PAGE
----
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Thanks for all the nice welcomes, it is my pleasure to be here.

Ok I will try to answer the best I can with the little bit I know. First, I want to make sure I have enough medical supplies to take care of the 5 in my family and at least enough to help others (how many I have no idea). I have taken first responder classes awhile back and feel confident enough to administer IV's, give shots, suture wounds and all the basics. Got more to learn to perform surgery

Now, I would like a platoon size or squad size for my truck with enough field supplies to have with me at all times and for my home SHTF bag I want as much as I can get.

Cost, well I figure it will cost me about $500-$600 for my truck and maybe double for my home. I may be wrong, too high too low? As I said I am trying to make sure I am covered. I have read too many stories about people "thinking" they were ready and then found out the hard way they were in fact not. So, this is where I turn to the experts and let ya'll help me out.

So, is this enough info for a good start? If not what else do you need to know to get a better idea of how to direct me?
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Old September 18, 2005, 16:53   #11
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Are you in the military, or have a family member who is?

If so, see if you can obtain the correspondence course from the John F Kennedy SPecial Warfare Center and School on pharmaceutical calculations, or a pharm-tech skill level one manual.

It will give you the necessary information to adapt the concentrations of animal antibiotics to human dosages - IE, Not all Pennicillian G Potassiums are created equal. Also, antibiotics deteroriate with time so a greater amount is required for same effecacy.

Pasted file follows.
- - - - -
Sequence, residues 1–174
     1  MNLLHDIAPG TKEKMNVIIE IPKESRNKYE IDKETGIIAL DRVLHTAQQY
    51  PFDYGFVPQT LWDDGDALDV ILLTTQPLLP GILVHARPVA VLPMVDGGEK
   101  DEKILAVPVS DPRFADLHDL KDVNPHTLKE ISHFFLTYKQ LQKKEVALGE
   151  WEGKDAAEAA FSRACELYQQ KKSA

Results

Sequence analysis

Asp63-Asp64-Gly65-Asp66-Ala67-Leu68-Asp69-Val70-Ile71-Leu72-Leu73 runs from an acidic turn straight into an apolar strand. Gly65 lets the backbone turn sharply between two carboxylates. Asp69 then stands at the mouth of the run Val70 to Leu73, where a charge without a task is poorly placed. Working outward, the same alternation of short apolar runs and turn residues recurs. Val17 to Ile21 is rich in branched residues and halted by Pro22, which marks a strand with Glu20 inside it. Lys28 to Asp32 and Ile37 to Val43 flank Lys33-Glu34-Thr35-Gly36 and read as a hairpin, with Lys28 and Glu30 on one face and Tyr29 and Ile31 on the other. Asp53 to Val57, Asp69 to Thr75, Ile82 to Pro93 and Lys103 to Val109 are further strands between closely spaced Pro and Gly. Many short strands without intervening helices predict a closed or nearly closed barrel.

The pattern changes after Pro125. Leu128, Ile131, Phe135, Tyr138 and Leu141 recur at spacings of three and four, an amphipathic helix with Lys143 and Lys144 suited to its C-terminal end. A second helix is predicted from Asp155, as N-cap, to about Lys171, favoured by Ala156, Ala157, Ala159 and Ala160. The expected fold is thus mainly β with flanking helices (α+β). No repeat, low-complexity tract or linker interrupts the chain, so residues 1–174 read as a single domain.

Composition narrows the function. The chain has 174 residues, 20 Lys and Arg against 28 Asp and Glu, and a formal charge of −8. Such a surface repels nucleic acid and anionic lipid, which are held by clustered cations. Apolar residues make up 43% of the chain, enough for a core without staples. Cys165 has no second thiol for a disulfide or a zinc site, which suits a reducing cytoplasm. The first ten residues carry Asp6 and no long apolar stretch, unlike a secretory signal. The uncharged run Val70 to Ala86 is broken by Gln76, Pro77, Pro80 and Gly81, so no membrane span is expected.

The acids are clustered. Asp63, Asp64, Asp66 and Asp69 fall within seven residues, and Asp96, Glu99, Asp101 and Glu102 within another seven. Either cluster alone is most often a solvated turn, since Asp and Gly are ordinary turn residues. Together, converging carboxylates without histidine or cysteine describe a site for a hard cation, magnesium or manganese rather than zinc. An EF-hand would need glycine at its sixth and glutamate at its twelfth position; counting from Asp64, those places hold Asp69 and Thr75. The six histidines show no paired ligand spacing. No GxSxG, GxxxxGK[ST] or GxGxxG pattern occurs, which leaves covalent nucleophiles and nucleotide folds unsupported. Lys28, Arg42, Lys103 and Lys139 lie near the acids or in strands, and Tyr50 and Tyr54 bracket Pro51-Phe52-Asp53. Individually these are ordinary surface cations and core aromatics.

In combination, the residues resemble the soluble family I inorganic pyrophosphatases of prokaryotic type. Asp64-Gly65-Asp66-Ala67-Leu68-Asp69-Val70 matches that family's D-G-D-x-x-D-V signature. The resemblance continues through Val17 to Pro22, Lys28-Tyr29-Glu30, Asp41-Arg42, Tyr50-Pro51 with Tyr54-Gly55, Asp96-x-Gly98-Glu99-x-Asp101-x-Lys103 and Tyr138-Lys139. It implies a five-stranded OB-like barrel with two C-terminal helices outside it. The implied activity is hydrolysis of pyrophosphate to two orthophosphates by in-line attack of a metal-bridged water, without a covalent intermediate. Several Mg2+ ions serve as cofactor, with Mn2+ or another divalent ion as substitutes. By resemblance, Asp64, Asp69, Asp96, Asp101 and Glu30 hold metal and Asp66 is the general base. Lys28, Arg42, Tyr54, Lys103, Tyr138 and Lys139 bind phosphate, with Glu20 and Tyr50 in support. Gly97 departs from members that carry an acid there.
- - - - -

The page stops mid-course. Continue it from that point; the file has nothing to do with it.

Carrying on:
Thats another topic altogether.

I group med supplies into three categories. personal care, immediate response and nursing care.

When I filled the platoon medic role, I carried no pepto-bismio, moleskin, aspirin, motrin or whatever. I had my own, but as I see it, these are the things that every infantryman should have. One more battle dressing for a seriously wounded soldier is more important in the platoon aid bag than a bunch of convenience /comfort supplies that should be carried by the individual. But in a civilian role, you may be dealing with children or irresponsible adults who havn't the ability or in the case of the adults, the motivation - to care for themselves, so a certain amount of convenience items may be needed in the platoon level.

The long term care is the one with sustaining meds (antibiotics) and larger amounts of bulkier items - mostly bandages. Bandages have to be changed.